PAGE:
Whether formal or informal, many employees are given a performance evaluation on an annual basis. Organizations are rapidly stepping away from the numerical, data-driven style of reviews (ranking the employee on some range indicating levels of performance) and instead are focusing on professional development and growth and setting personal goals that are mutually beneficial to both the employee and the organization.

While this more informal approach can occur at either a set time each year, or on an as-needed basis, at the end of the day the responsibility of accomplishing goals and objectives lies solely in the hands of the employee.

Halfway through your annual review period, take the time to conduct a personal, mid-year review to determine where you’re at in meeting any goals you and your supervisor have set and any modifications you may need to make to ensure success.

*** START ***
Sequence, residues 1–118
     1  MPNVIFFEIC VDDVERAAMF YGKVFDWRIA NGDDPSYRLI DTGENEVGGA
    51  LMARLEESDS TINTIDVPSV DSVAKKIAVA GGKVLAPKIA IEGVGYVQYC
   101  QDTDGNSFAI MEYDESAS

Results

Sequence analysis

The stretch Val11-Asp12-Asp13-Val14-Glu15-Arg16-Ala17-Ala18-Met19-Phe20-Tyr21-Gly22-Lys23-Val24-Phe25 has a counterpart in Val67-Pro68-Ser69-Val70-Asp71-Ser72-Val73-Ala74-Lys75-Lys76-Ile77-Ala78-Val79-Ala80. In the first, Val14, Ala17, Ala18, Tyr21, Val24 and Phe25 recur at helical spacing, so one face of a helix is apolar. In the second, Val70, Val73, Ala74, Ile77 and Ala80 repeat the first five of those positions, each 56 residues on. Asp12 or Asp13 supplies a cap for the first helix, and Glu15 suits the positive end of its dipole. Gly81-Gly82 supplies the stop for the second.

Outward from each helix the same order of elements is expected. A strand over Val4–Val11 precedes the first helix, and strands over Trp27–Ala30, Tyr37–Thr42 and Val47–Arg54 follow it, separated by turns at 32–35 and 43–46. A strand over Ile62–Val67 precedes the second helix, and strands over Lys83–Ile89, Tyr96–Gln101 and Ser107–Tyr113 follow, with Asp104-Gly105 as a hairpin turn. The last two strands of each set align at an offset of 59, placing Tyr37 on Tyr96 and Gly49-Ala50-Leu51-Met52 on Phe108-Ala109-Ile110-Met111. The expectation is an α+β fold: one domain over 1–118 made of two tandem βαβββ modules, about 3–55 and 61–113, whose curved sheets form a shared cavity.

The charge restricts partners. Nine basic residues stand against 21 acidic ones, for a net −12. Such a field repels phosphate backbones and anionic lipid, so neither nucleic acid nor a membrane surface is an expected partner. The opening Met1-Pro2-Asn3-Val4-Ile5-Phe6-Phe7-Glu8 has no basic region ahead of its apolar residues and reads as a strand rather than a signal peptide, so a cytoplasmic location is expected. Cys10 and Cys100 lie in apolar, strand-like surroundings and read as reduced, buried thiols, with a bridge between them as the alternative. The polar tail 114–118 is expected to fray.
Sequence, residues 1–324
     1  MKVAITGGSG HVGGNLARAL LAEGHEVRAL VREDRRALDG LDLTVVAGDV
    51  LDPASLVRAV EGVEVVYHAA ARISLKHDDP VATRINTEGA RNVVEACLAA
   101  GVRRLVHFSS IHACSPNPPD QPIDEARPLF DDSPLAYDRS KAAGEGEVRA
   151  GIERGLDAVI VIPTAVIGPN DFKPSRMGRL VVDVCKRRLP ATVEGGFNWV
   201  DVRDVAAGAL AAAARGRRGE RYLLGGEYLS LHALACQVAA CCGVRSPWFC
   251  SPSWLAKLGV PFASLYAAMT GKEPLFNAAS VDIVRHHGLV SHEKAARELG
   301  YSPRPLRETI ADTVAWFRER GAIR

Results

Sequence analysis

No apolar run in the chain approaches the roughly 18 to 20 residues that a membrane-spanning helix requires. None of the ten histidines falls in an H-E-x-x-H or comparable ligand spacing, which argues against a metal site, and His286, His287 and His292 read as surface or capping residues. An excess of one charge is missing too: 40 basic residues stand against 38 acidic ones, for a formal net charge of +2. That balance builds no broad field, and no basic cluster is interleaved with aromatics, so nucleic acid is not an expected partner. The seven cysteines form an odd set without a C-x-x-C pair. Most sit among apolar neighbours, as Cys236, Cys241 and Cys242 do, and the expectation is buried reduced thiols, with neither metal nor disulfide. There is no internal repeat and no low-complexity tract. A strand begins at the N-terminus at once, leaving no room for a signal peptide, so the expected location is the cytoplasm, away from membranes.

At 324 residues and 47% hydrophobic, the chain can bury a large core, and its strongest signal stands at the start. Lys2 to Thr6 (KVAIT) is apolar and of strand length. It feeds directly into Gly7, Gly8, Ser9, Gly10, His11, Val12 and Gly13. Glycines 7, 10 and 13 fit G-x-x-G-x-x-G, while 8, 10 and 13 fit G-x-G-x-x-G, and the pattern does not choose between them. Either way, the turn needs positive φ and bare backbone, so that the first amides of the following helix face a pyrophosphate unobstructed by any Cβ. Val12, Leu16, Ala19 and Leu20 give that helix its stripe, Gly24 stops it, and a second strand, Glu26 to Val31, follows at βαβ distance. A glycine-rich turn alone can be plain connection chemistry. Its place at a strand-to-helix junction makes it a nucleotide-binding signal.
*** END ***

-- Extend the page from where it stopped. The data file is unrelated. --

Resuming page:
• Reflect back on the past six months and identify accomplishments and achievements. What did you do to that aided in your successes, and how can you implement that into meeting current and future goals?
  • Identify those areas in which you’ve struggled. Reevaluate your objectives and make any necessary changes to your routines to ensure that you give yourself adequate time and resources to bounce back.
  • Have your goals and objectives changed in the past six months? Do you have a new direction and focus, requiring a need to set new goals?
  • After reviewing and modifying your goals, as necessary, prioritize them.

The personal, mid-year review is meant to be just that, personal. You can decide whether or not you wish to share this evaluation of your goals with your supervisor, but ultimately, the purpose is to give yourself a kickstart to progress positively into the second half of the year. A reflection of your professional (and personal, should they overlap) goals to determine how far you’ve come in recent months, where you’re at now, and what you need to do to successfully move forward.

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